Discussion Ideas
1) How does having a soundtrack make the book more meaningful?
2) Do you have a new understanding of the book now that you know the lyrics to the songs and what they sound like?
3) How will this influence the songs you pick for your own soundtrack in your time capsule project?

Bilingual/ESL and Dialect Accommodations
The song lyrics can easily be translated into other languages as well as giving ELL students extra time to read the lyrics if they need it. I would expect the other students in the class to help when possible or needed.

Special Education Accommodations
For the students with ADD I would have the schedule written on the board in order to help them stay on task, as well as acknowledging that they will stray off task during the discussion because they will not have constant supervision. This should help them concentrate at other points. For the student with visual impairments I would print the lyrics larger and have the student’s partner read the lyrics out loud in order to help the student understand the lyrics. The student who has trouble with auditory learning will have the lyrics to look at as well as be given a copy of the CD to listen to as many times as they want/need to.

For this lesson the students will receive informal assessments based on their participation in the discussions as well as the examples they come up with for their song rationale.

Extension Ideas
To extend this lesson the students could watch the movies Charlie was assigned to watch, read the books Bill asked Charlie to read, or research more sings by the artists of these songs.
Source of Activity
This activity was created by me, Mallory Houghton, with input from my sister, Melissa Houghton, and a friend, Ian Watts, both of which previously read the book and are big fans. It was created to fit into a 9-week unit plan created by myself, Emily Nixon, Ashley Cookson, Jennifer Hatton, Wendy Rodney, and Jeff Vazzana for a class taught by Professor Renee Clift.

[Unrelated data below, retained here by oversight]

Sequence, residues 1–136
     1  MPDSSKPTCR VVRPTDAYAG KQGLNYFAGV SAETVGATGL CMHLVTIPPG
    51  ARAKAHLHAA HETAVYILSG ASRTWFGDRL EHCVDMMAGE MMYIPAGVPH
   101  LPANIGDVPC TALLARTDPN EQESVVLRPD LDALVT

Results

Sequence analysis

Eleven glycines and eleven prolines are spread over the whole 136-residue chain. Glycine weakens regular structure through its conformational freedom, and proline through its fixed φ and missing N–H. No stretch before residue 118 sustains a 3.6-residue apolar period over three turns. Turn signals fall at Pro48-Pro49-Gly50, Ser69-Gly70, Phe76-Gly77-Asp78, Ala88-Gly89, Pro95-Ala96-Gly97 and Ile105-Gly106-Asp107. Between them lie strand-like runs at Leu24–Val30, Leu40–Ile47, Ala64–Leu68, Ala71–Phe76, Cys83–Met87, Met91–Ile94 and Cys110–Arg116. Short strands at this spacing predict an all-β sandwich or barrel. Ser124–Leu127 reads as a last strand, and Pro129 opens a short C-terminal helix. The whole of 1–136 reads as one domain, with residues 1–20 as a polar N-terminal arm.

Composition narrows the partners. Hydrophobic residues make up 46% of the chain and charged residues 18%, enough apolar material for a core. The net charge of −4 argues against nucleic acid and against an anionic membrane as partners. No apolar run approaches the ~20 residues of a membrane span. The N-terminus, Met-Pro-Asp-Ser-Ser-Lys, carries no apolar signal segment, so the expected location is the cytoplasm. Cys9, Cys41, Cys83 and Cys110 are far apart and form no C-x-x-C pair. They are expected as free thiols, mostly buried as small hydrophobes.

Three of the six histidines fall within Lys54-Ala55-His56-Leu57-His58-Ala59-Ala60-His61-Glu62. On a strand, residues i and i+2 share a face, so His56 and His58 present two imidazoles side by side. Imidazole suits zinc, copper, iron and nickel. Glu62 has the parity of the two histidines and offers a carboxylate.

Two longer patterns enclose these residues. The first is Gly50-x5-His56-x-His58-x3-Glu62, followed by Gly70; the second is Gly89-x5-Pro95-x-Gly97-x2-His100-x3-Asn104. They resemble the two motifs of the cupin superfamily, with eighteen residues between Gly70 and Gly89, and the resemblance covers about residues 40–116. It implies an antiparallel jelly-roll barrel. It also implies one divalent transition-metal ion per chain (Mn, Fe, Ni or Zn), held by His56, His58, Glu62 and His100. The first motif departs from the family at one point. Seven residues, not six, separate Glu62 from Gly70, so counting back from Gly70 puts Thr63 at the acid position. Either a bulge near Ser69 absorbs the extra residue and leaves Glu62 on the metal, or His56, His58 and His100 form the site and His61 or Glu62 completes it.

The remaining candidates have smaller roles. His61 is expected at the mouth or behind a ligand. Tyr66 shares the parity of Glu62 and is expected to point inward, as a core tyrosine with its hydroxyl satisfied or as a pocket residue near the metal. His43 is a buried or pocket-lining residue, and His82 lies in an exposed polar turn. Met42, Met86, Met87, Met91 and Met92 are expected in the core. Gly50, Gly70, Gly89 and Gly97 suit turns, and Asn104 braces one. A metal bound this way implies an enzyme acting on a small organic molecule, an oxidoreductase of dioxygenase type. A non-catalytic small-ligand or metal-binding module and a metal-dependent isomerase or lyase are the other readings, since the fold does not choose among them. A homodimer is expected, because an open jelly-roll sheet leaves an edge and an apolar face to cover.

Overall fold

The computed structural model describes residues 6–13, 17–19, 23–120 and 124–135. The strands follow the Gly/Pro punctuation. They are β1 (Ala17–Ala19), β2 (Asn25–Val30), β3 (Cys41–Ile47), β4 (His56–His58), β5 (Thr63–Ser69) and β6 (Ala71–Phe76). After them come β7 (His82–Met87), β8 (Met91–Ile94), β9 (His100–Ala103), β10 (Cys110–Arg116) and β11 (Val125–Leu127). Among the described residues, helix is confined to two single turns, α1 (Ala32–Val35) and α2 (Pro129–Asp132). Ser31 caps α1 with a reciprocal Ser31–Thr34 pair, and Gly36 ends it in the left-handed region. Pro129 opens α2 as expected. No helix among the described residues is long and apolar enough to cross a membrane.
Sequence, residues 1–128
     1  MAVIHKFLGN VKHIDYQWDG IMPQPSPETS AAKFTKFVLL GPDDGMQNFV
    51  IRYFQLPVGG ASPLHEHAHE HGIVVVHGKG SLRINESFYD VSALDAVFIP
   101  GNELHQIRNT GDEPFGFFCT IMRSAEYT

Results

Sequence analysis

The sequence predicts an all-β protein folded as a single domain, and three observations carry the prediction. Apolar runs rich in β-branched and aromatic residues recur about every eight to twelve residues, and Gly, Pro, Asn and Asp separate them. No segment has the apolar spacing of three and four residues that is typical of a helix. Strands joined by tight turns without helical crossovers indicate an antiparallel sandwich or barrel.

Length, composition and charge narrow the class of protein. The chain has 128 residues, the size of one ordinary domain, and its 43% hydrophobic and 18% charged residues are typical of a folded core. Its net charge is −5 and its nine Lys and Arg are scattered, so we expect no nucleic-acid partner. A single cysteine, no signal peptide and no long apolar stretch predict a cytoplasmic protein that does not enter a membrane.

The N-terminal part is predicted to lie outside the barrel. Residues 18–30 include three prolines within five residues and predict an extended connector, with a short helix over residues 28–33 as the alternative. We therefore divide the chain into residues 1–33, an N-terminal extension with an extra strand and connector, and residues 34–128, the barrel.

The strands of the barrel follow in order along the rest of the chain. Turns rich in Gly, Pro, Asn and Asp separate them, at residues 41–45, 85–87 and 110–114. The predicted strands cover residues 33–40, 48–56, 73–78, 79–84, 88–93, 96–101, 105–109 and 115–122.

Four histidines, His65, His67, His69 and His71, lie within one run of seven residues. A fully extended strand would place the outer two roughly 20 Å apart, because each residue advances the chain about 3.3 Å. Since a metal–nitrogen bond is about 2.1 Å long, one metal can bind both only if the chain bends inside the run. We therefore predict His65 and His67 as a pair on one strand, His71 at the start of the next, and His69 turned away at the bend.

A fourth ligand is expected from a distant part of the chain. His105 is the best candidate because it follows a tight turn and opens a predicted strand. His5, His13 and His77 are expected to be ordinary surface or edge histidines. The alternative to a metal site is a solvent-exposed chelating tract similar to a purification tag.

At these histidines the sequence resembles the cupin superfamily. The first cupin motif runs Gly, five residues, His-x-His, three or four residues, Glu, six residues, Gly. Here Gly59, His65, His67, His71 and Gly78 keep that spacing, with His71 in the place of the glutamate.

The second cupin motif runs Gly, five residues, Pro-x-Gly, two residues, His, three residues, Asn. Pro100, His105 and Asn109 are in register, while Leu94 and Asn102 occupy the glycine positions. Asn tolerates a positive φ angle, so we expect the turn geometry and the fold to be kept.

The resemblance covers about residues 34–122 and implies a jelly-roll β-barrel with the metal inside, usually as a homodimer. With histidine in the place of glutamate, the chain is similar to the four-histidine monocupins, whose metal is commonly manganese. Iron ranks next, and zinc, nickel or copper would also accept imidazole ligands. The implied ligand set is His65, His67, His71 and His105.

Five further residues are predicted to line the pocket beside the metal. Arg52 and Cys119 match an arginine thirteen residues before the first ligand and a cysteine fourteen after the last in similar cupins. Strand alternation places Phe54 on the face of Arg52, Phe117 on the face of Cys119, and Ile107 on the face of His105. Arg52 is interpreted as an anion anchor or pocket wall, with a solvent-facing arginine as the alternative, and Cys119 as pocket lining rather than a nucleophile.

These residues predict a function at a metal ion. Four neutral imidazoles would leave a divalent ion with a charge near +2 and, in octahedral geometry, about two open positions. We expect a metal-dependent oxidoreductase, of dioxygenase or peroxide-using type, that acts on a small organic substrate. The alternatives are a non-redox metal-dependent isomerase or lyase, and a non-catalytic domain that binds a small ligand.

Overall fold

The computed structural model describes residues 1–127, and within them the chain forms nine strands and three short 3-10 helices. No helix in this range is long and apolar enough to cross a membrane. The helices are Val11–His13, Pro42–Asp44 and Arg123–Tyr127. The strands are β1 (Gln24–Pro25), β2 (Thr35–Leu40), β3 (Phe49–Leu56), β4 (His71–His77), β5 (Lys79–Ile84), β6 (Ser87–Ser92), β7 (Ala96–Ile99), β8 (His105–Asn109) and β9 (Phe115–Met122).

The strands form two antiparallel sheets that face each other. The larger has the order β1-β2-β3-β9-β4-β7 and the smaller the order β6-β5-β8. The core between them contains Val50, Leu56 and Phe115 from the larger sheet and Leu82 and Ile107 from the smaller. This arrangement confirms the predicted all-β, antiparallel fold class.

Resources and References
Resources include the websites that offer the lyrics to the songs and the whole lesson references The Perks of Being a Wallflower.

Illinois State English Language Arts Goals and Learning Standards
1.A.5b Analyze the meaning of abstract concepts and the effects of particular word and phrase choices.
1.B.5a Relate reading to prior knowledge and experience and make connections to related information.
1.C.5b Analyze and defend an interpretation of text.
2.B.5a Analyze and express an interpretation of a literary work.
4.A.5b Use techniques for analysis, synthesis, and evaluation of oral messages.

This lesson was hard to create because I loved all of the book and it hard to pick one part. I decided on something that would bring it all together. This would be a good lesson to revisit at the end of the book as well because after finding out many things about the characters the students will have new insights on the songs. Teaching this whole book would be a lot of fun. I think that this lesson in particular would be enjoyable because the students must really think about their answers. It would be easy for the discussion to get off track, however, so the teacher must be very conscious of keeping students on task.

Links to:

•• The Perks of Being a Wallflower Noted Themes ••

•• The Perks of Being a Wallflower Reflection ••

•• The Perks of Being a Wallflower Student reaction••

••The Perks of Being a Wallflower Summary••